As with all types of cancer, disease prognosis is associated with the size of the tumor, lymph node metastasis or not (as well as the number of infiltrated lymph nodes) and remote metastasis or not. Moreover, in the case of breast cancer, the biological properties and molecular characteristics of the tumor play a significant role. These include the presence of hormonal receptors, the cell proliferation marker, genetic mutation, etc.
In conjunction with the patient’s age, these tumor characteristics not only determine disease prognosis, but also the therapy that needs to be followed after surgery.
TREATMENT / RADIATION THERAPY
Breast cancer treatment may include surgical excision, radiation therapy and chemotherapy, or a combination of these treatments.
A high-energy X-ray beam targets the affected area using a special machine known as a linear accelerator. Radiation therapy is a local treatment that is delivered to the breast after lumpectomy or the thoracic wall after mastectomy. On occasion it may include subclavian or axillary lymph nodes.
Radiation therapy is always indicated in the treatment of invasive breast cancer (and in most non-invasive breast cancers) after lumpectomy where the affected breast has not been removed. Specifically, the use of radiation therapy made conventional breast surgery possible, giving the same success rates as those of mastectomy . In the event that the tumor has been removed with a mastectomy, radiation therapy has specific indications that are associated with the existence of infiltrated axillary lymph nodes, tumor size, etc., and in these cases it appears to increase local control of the disease and overall survival.
Three Dimensional Conformal Radiotherapy (3D-CRT) is the most frequently used external beam radiation therapy technique, while Intensity Modulated Radiotherapy (IMRT), an improved version of 3D-CRT which focuses the dose on the target and avoids healthy tissues, has been increasingly gaining ground over recent years. The application of IMRT made using state-of-the-art and more precise image guided radiotherapy (IGRT) of the targeted area prior to the radiation therapy all the more necessary.
It is important for the treatment decision to be taken after the patient is informed about treatment options and any associated complications or toxicities. For example, a woman with a tumor in her left breast would benefit more from IMRT, which would protect her heart (which is located opposite the left breast) from radiation and would reduce the risk of coronary disease in the future. Nevertheless, well-studied side effects include dermatitis and fibrosis in the irradiated breast, whereby IMRT has demonstrated the best aesthetic results compared to traditional radiation therapy.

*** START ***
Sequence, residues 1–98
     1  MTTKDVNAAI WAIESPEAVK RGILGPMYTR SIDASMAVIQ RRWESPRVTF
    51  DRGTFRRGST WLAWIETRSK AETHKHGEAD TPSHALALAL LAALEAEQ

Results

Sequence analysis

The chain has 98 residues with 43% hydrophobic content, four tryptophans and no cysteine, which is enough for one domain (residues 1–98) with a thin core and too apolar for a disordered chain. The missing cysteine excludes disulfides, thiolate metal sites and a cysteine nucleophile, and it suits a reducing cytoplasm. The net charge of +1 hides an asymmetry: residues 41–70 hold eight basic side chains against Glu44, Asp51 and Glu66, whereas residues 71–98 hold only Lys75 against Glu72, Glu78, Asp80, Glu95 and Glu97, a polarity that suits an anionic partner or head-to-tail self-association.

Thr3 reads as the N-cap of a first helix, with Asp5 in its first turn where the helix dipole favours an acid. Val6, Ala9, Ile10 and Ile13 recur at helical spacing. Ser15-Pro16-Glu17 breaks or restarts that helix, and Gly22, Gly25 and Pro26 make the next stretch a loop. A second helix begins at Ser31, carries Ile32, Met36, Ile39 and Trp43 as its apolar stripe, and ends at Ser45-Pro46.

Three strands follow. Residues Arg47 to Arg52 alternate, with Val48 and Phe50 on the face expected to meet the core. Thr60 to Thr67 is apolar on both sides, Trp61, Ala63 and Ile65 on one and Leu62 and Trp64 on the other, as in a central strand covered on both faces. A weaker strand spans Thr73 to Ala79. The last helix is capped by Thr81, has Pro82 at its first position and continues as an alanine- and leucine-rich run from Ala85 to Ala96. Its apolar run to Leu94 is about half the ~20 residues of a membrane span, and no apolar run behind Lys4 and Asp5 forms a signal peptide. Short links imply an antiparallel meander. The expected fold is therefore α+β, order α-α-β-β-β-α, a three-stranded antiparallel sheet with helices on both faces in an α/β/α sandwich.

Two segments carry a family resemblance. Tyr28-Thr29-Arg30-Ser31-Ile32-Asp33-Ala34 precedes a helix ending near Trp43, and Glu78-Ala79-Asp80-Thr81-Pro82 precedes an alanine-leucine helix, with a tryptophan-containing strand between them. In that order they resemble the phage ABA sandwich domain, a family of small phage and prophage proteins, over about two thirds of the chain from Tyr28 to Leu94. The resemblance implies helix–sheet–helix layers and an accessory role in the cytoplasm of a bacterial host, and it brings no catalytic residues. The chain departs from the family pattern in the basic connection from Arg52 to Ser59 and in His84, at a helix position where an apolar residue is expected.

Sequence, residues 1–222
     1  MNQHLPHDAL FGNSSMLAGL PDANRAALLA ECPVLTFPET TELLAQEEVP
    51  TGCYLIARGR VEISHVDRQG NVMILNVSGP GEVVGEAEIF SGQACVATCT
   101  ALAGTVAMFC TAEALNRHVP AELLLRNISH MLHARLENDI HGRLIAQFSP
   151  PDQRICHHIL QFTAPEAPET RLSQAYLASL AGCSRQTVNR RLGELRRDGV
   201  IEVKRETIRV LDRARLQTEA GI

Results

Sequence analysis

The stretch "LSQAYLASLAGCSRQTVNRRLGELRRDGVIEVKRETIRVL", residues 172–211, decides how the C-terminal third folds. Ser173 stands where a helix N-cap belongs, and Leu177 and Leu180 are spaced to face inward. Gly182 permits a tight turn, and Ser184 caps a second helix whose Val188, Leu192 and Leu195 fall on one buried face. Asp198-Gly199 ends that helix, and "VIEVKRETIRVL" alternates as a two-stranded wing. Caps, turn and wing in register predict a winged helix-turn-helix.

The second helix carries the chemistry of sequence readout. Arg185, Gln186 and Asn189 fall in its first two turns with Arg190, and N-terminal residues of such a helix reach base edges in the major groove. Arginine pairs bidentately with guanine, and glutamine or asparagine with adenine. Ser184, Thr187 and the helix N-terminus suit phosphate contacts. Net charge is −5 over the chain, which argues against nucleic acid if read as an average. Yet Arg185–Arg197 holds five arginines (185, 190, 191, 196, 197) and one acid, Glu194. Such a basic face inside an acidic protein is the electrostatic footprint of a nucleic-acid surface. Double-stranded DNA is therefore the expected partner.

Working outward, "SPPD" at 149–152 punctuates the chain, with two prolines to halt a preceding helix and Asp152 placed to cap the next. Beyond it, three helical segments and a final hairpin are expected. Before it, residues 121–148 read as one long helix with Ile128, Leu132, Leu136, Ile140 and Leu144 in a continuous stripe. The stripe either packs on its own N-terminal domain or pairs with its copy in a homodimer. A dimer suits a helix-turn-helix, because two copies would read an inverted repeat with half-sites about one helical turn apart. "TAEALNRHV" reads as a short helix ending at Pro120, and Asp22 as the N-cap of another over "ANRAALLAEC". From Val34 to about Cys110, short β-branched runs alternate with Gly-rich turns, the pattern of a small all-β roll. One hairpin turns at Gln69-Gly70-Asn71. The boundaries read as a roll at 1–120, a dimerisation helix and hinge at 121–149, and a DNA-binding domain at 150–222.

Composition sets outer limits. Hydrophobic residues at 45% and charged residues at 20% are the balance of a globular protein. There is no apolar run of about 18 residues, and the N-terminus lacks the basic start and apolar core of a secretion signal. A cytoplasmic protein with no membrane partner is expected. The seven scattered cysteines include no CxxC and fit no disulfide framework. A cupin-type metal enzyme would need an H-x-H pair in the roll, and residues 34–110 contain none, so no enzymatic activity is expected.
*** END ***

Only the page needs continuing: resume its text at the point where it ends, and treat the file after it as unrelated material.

SIDE EFFECTS FROM RADIATION THERAPY
Skin reaction: During radiation therapy, the skin and hair in the irradiated area will undergo changes. It is normal and to be expected. After 2-3 weeks, your skin color will change resembling a sun tan. As treatment goes on, it may turn bright red or very dark. You may also feel that your skin is dry, peels easily and itches. Sometimes the nipple area becomes slightly tender. Dermatitis will gradually subside; usually 3-4 weeks after radiation therapy is completed.
Breast discomfort and swelling: Most women experience breast tenderness, especially in the nipple area, when skin changes start. In addition, some experience a certain degree of breast swelling. In this case, you may feel pinching and that your breast is heavy and swollen. If you have undergone axillary lymph node removal, it is possible that you will experience some stiffness in the corresponding shoulder following surgery. In this case, stiffness may worsen with radiation therapy, especially if the axillary and subclavian areas are being irradiated.
Fatigue: Some women experience fatigue 2-3 weeks after treatment. Fatigue is usually described as tiredness, lethargy, weakness, and difficulty concentrating. These symptoms gradually pass after treatment is completed.
At Metropolitan Hospital we offer state-of-the-art radiation therapy techniques to treat breast cancer. These include:
- More conformal dose distribution, resulting in the protection of the heart in left breast irradiation
- More uniform dose distribution, resulting in less dermatitis and a better aesthetic result
- Simultaneous tumor bed boost, resulting in treatment reduction by 1-2 weeks
- Simultaneous bilateral breast cancer irradiation when breasts cancer occurs in both breasts simultaneously
The state-of-the-art radiotherapy techniques and the skills acquired by the doctors from their training in centers of excellence in Europe and the USA ensure highly accurate and targeted tumor treatment, by delivering the maximum radiation dose possible, with the least damage to healthy cells. Compared to conventional radiation therapy, APBI has the following advantages:
- APBI is performed at the same time or a few weeks after tumor removal and the catheters remain in place for 4-5 days.
- APBI is delivered twice a day for a period of 4-5 days, while conventional radiation therapy usually lasts 6 weeks.
- Radiation therapy treatments are focused on tissues that surround the tumor cavity, avoiding healthy tissue and organs close to the breasts, such as the heart and lungs.